February 29, 2004

A nasty little war

In the commentary for Fear and Loathing in Las Vegas, you get some of the dirt as to why the original director, Alex Cox, was dumped from the project. The producer, Laila Nabulsi talks about how there were creative differences and that it had something to do with the inclusion of the Wave Speech from the book. That's the one that goes:

We had all the momentum; we were riding the crest of a high and beautiful wave. So now, less than five years later, you can go up on a steep hill in Las Vegas and look West, and with the right kind of eyes you can almost see the high-water mark---the place where the wave finally broke and rolled back.

In the new documentary, Breakfast with Hunter, you get a much more detailed picture of what went down. Filmmaker Wayne Ewing is there at Owl Farm when Alex Cox and co-writer Tod Davies come to visit to talk about the script ... which Hunter's not read. So he's caught flat-footed when he finds out that their idea for the Wave is to show an animated version of Raoul Duke being carried back to Las Vegas after he tries to flee to LA at the midpoint of the story.

Hunter's first reaction is to threaten to sue the filmmakers. Then, he rants about how he hates animation and how this is simply turning his writing (and himself) into a gross characiture. He goes on to say that this is the best writing he's ever done, that it's a giant fucking sapphire and they've turned into into a dumb fucking cartoon.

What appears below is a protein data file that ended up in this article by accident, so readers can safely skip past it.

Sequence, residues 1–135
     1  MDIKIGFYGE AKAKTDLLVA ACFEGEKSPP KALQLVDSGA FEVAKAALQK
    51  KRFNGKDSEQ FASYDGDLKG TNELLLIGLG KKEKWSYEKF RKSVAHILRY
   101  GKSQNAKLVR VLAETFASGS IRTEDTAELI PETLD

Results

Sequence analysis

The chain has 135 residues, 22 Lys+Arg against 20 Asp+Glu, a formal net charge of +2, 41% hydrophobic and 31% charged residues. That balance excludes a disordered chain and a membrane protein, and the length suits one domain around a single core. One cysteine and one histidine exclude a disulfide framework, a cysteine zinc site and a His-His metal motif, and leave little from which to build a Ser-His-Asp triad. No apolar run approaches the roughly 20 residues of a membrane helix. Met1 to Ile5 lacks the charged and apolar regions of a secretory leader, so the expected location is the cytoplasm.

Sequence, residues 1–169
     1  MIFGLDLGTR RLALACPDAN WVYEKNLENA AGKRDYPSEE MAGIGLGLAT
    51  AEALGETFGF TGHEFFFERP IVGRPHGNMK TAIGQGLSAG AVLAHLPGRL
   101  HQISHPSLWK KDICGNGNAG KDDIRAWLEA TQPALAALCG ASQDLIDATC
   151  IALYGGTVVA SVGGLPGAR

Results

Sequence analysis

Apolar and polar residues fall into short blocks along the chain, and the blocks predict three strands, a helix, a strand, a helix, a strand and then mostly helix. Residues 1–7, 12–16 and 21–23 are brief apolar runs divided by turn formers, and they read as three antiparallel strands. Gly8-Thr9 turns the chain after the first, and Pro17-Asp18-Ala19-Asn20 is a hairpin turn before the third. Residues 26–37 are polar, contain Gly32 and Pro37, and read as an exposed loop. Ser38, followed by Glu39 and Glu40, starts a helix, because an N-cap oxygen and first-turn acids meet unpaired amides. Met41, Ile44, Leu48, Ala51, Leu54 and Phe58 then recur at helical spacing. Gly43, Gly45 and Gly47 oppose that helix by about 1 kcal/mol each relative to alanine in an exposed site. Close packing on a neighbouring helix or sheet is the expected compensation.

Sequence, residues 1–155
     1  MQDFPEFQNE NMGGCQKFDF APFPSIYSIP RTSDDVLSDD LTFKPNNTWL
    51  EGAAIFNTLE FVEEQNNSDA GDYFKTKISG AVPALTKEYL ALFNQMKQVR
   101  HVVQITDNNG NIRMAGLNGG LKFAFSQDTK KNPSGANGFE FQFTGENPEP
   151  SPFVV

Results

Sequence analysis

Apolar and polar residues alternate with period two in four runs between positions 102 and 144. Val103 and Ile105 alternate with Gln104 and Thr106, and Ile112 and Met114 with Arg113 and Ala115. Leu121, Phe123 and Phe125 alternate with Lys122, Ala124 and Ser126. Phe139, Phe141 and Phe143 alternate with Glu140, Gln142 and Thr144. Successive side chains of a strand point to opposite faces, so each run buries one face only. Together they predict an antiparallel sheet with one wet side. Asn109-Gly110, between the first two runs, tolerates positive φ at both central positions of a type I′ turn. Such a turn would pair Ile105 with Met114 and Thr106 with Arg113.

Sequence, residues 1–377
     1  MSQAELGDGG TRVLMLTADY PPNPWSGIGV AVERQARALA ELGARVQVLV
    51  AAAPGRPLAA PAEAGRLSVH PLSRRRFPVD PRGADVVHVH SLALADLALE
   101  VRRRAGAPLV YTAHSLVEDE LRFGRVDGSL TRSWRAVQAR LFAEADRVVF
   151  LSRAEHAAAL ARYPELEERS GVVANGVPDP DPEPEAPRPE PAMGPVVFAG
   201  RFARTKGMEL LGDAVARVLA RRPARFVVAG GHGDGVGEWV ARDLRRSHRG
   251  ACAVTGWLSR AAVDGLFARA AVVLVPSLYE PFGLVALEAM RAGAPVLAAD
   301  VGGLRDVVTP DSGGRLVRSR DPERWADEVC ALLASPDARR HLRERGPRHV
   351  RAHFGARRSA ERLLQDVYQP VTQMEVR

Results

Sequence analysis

As Alex Cox tries to explain how it's all motivated by the Ralph Steadman illustrations, Tod Davies actually starts weeping because she feels her adaptation of the material is also a giant fucking sapphire.

It doesn't make any difference. Which it shouldn't because it's a really stupid idea.

In addition to reducing the text to a plot device, it's also a flawed metaphor. The point is that the wave of Sixities Freakitude broke before it engulfed America and the world in its righteous patchouli-scented energy. The speech is Hunter's lament for the failed movement and is great because it evokes the tweaked-out isolation and madness he feels being trapped in the American Nightmare of Las Vegas.

As he says, the wave broke and rolled back - it's not gonna carry him anywhere.

Finally, Hunter threatens to kick the pair out and they take it upon themselves to skedaddle. At this point, the documentary cuts to Hunter, Laila and Benicio del Toro watching the footage we just saw and figuring out that they'll need to get a new director.

Which, thankfully, they do.

February 28, 2004